Personality Traits That Can Kill a Startup

Is your new startup headed for disaster? It could be if you or any co-founders possess personality traits that are known to kill off great business ideas before they have a chance to take hold. Every year, brilliant ideas take physical form as new companies. While most are one-person or tiny family-oriented operations, a good number are small or medium-sized enterprises. The owners hope to launch successfully, build up a loyal customer base, and create a long-term organization that delivers profits year after year.

Unfortunately, when human beings behind the efforts lack essential skills and personal qualities, businesses can be doomed from day one. What sinks them? Startups never get on the right course when their owners are afraid to spend money, have phobias about borrowing necessary capital, flatly refuse to hire employees or take on partners, are too averse to risk, or constantly procrastinate over critical decisions. Here are more details about some of the most common personality traits that can snuff out otherwise successful entrepreneurial ideas.

Fear of Borrowing

Some call it loan phobia, or the undue fear of borrowing money. Sufferers are rarely able to operate businesses. That’s primarily because the huge majority of new companies need an infusion of capital in order to get off to a financially healthy start. Ironically, just about any first-time or experienced owner can take out a small business loan via a quick online application. A few advantages of Accion Opportunity Fund small business loans include the ability to build a credit score for a new company, the chance to buy enough equipment and supplies to level the playing field against experienced competitors, and access to favorable terms through negotiating with prospective lenders.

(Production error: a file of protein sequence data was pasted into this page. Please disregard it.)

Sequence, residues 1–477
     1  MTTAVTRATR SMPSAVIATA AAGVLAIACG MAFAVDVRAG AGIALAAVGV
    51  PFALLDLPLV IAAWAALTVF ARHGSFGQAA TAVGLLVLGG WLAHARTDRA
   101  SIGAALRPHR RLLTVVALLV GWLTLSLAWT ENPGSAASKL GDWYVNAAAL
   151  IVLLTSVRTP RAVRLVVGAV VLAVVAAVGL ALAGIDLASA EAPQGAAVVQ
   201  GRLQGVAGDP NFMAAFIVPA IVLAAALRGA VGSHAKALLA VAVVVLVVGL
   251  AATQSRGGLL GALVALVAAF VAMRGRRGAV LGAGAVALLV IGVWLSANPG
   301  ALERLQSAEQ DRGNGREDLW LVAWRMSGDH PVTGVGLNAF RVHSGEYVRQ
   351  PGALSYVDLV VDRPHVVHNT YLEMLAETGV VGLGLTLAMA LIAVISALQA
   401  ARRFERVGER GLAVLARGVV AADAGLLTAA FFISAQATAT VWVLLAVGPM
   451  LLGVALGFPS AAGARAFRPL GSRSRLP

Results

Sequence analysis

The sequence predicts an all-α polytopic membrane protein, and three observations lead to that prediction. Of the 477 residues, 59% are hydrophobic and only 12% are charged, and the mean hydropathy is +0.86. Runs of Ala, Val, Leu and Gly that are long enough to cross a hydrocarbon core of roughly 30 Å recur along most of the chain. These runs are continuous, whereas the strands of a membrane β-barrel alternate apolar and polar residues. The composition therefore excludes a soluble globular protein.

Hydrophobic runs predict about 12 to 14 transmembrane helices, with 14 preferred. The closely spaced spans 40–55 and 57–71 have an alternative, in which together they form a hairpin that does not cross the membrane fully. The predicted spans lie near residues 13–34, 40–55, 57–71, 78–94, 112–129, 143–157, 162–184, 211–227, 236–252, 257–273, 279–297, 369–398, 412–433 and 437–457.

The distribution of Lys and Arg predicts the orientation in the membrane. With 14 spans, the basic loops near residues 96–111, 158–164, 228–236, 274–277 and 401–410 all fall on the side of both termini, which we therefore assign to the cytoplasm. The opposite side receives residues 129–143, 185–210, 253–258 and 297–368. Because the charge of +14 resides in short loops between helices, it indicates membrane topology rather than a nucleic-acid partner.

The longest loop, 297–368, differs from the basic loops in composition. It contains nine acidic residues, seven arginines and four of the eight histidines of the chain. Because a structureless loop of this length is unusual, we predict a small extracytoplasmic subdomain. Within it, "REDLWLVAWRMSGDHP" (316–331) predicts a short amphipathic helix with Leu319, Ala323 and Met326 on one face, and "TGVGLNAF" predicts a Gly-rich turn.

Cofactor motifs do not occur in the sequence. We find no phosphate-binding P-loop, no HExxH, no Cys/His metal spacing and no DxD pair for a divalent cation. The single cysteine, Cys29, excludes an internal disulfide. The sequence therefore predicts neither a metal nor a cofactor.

Fear of Taking on Partners or Employees

One person companies, often called sole proprietorship, are often highly profitable. Accountants, consultants, and medical doctors routinely choose this business model. But it’s instructive to note that even sole proprietors regularly hire assistants, office staff, and other support personnel. The fact is that nearly all founders soon discover that they need others in order to expand operations and earn more money. Individuals who are unable to work with others, take on partners, or hire employees can find themselves against a brick wall. They often reach a point where profits stall out, and it becomes nearly impossible to bring new customers on board.


Misers have an unusual aversion to spending money. In the business world, the trait is anathema because the give and take of spending and earning are part of the DNA of any commercial enterprise. People who are unable to spend the money they earn can have a short, early run of financial success. Soon, they stall out when they refuse to purchase new supplies, outsource essential functions, or pay vendors.


Inaction and procrastination have sunk more entrepreneurial ships than anything else. Operating a profitable entity is about taking action. Of course, there is a lot of planning involved, but the main path to success and long-term profitability is about doing, not thinking. Procrastination is the enemy of action because it gives people false reasons to put things off until later, hence the famous reference to the trait as the disease of tomorrow.

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